It should be noted, however, that there is one other method of strictly experimental examination of the mental field, latterly much in vogue, which had a different origin. This is the scientific investigation of the phenomena of hypnotism. This subject was rescued from the hands of charlatans, rechristened, and subjected to accurate investigation by Dr. James Braid, of Manchester, as early as 1841. But his results, after attracting momentary attention, fell from view, and, despite desultory efforts, the subject was not again accorded a general hearing from the scientific world until 1878, when Dr. Charcot took it up at the Salpetriere, in Paris, followed soon afterwards by Dr. Rudolf Heidenhain, of Breslau, and a host of other experimenters. The value of the method in the study of mental states was soon apparent. Most of Braid's experiments were repeated, and in the main his results were confirmed. His explanation of hypnotism, or artificial somnambulism, as a self-induced state, independent of any occult or supersensible influence, soon gained general credence. His belief that the initial stages are due to fatigue of nervous centres, usually from excessive stimulation, has not been supplanted, though supplemented by notions growing out of the new knowledge as to subconscious mentality in general, and the inhibitory influence of one centre over another in the central nervous mechanism.


These studies of the psychologists and pathologists bring the relations of mind and body into sharp relief. But even more definite in this regard was the work of the brain physiologists. Chief of these, during the middle period of the century, was the man who is sometimes spoken of as the "father of brain physiology," Marie Jean Pierre Flourens, of the Jardin des Plantes of Paris, the pupil and worthy successor of Magendie. His experiments in nerve physiology were begun in the first quarter of the century, but his local experiments upon the brain itself were not culminated until about 1842. At this time the old dispute over phrenology had broken out afresh, and the studies of Flourens were aimed, in part at least, at the strictly scientific investigation of this troublesome topic.

In the course of these studies Flourens discovered that in the medulla oblongata, the part of the brain which connects that organ with the spinal cord, there is a centre of minute size which cannot be injured in the least without causing the instant death of the animal operated upon. It may be added that it is this spot which is reached by the needle of the garroter in Spanish executions, and that the same centre also is destroyed when a criminal is "successfully" hanged, this time by the forced intrusion of a process of the second cervical vertebra. Flourens named this spot the "vital knot." Its extreme importance, as is now understood, is due to the fact that it is the centre of nerves that supply the heart; but this simple explanation, annulling the conception of a specific "life centre," was not at once apparent.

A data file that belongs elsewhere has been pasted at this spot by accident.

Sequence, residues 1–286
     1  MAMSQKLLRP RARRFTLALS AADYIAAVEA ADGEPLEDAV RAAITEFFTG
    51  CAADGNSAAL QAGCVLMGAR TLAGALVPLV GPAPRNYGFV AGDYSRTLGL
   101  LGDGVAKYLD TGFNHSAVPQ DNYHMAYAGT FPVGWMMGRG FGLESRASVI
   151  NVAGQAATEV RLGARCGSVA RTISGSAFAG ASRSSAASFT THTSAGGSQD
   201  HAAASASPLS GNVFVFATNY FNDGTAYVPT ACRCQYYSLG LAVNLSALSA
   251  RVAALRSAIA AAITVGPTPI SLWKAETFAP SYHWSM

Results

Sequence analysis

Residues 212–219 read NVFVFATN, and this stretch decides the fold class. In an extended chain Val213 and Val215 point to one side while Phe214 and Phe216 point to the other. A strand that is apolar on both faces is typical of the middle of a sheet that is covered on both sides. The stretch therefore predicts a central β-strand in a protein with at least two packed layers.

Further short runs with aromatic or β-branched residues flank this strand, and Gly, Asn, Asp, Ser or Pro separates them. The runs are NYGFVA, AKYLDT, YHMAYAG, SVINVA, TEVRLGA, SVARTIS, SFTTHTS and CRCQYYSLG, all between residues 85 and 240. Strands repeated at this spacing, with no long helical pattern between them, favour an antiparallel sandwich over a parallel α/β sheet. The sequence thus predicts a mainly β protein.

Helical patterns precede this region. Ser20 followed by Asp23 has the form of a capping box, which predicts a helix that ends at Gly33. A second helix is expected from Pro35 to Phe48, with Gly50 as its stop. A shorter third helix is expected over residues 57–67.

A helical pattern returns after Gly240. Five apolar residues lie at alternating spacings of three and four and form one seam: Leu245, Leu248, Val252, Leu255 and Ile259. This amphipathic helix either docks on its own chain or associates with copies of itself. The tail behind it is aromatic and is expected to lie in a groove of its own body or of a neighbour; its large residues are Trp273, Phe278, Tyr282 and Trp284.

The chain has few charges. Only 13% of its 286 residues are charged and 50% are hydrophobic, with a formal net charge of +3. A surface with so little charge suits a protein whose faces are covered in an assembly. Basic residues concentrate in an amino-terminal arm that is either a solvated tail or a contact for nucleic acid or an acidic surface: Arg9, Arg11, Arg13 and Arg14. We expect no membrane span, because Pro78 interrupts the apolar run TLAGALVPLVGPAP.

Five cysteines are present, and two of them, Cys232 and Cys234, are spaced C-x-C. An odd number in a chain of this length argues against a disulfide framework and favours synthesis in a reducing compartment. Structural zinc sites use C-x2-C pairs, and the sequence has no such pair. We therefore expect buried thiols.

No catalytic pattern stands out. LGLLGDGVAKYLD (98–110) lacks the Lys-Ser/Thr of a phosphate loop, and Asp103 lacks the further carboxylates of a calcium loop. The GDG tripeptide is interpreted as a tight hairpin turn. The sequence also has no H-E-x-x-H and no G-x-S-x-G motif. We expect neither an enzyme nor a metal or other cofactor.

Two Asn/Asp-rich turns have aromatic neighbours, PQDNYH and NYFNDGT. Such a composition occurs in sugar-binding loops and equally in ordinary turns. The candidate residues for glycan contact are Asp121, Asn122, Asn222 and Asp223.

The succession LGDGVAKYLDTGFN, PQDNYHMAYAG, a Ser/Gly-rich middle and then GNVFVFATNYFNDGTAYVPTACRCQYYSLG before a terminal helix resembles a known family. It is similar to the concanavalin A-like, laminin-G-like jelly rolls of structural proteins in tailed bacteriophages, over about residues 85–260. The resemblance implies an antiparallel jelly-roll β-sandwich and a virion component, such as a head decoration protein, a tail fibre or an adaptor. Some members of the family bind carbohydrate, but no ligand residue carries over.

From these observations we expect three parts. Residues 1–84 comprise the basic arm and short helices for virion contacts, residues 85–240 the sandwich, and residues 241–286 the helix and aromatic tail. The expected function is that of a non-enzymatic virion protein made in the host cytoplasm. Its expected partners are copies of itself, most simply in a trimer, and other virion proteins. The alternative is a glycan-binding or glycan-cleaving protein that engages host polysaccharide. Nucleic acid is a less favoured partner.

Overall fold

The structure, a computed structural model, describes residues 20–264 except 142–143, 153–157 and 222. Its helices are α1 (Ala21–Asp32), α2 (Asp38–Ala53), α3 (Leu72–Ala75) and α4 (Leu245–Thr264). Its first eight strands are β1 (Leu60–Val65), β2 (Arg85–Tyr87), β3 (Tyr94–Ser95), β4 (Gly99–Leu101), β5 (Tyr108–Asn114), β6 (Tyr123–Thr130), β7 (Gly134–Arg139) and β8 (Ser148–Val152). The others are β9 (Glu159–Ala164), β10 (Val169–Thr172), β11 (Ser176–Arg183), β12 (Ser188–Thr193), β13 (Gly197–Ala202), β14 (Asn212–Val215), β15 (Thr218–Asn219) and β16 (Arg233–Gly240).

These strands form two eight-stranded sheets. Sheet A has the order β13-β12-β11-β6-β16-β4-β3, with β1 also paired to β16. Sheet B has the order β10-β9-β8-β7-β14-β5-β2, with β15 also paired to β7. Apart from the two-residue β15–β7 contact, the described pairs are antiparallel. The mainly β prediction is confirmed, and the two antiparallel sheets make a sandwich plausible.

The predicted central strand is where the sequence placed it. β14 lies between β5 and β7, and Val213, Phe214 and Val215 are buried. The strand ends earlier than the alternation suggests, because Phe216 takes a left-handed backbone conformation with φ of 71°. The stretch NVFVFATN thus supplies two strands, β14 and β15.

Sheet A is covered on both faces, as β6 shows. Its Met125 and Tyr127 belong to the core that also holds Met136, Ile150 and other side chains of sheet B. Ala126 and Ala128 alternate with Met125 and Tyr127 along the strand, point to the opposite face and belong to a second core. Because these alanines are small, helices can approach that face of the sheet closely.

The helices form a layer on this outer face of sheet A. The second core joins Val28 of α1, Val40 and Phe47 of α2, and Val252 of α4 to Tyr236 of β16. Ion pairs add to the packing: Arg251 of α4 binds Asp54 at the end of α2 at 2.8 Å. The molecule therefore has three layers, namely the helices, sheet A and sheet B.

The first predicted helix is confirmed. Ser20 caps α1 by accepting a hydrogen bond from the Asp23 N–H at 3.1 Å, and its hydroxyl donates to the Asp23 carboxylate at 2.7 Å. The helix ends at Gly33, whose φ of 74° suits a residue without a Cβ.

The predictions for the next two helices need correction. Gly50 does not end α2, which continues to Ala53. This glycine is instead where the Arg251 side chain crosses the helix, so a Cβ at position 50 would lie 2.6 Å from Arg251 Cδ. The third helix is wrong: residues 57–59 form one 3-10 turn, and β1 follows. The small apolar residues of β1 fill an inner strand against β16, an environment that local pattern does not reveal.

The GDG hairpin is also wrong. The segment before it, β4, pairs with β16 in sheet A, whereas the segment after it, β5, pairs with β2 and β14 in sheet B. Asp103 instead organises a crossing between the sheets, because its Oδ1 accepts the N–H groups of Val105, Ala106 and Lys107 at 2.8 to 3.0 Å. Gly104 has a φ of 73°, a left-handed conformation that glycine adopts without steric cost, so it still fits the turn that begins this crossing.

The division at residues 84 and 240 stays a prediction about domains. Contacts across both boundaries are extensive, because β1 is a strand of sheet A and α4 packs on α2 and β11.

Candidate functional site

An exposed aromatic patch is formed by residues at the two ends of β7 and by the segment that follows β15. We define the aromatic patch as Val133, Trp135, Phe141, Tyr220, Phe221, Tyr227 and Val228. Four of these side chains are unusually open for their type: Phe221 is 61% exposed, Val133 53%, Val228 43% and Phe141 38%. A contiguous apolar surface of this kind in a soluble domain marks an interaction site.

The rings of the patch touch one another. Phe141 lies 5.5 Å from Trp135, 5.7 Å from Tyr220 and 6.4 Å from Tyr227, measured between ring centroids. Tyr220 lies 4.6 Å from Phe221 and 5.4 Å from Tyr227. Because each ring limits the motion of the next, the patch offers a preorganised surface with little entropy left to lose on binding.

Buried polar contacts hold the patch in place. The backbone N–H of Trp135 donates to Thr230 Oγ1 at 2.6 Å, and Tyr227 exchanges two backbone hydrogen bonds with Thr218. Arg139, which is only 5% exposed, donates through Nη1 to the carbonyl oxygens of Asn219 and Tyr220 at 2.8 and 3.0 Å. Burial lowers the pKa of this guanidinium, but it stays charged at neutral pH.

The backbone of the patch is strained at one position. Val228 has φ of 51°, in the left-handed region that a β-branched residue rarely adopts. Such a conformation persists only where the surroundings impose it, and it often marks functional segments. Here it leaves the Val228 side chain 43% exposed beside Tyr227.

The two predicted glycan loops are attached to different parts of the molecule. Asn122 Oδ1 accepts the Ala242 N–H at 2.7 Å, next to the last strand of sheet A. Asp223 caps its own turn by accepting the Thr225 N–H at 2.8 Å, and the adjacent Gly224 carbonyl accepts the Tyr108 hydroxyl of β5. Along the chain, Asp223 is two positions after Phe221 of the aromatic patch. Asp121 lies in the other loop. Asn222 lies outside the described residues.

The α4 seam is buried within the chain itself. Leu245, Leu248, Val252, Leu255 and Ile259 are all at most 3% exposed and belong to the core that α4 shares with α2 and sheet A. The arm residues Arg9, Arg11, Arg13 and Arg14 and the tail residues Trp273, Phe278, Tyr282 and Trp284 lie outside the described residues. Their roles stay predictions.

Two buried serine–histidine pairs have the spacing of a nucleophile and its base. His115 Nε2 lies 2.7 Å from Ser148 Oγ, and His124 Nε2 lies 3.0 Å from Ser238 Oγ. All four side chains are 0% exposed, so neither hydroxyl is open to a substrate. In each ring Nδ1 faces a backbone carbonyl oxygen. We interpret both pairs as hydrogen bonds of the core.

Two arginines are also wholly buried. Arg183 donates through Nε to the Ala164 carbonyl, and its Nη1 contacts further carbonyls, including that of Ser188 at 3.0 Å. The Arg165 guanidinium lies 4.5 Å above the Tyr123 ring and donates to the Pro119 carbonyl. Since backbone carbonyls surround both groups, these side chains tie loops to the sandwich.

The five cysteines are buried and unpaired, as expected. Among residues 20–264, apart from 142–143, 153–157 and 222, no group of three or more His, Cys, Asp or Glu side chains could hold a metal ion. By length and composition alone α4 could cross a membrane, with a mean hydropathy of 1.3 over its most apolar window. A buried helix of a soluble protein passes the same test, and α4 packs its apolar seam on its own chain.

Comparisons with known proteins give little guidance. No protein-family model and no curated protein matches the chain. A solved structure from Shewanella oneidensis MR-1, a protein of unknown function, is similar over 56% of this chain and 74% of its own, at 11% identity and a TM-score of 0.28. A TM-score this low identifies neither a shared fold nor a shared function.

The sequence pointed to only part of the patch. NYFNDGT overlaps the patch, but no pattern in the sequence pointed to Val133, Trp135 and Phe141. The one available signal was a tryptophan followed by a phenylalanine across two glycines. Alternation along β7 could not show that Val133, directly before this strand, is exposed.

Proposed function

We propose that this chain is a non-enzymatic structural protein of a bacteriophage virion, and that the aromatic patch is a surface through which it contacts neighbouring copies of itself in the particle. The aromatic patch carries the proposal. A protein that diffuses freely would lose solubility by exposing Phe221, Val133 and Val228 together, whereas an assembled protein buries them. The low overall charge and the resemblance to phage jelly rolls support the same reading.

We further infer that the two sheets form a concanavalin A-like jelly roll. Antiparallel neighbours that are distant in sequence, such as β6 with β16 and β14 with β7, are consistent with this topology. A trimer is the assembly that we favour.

Other experiments of Flourens seemed to show that the cerebellum is the seat of the centres that co-ordinate muscular activities, and that the higher intellectual faculties are relegated to the cerebrum. But beyond this, as regards localization, experiment faltered. Negative results, as regards specific faculties, were obtained from all localized irritations of the cerebrum, and Flourens was forced to conclude that the cerebral lobe, while being undoubtedly the seat of higher intellection, performs its functions with its entire structure. This conclusion, which incidentally gave a quietus to phrenology, was accepted generally, and became the stock doctrine of cerebral physiology for a generation.

It will be seen, however, that these studies of Flourens had a double bearing. They denied localization of cerebral functions, but they demonstrated the localization of certain nervous processes in other portions of the brain. On the whole, then, they spoke positively for the principle of localization of function in the brain, for which a certain number of students contended; while their evidence against cerebral localization was only negative. There was here and there an observer who felt that this negative testimony was not conclusive. In particular, the German anatomist Meynert, who had studied the disposition of nerve tracts in the cerebrum, was led to believe that the anterior portions of the cerebrum must have motor functions in preponderance; the posterior positions, sensory functions. Somewhat similar conclusions were reached also by Dr. Hughlings-Jackson, in England, from his studies of epilepsy. But no positive evidence was forthcoming until 1861, when Dr. Paul Broca brought before the Academy of Medicine in Paris a case of brain lesion which he regarded as having most important bearings on the question of cerebral localization.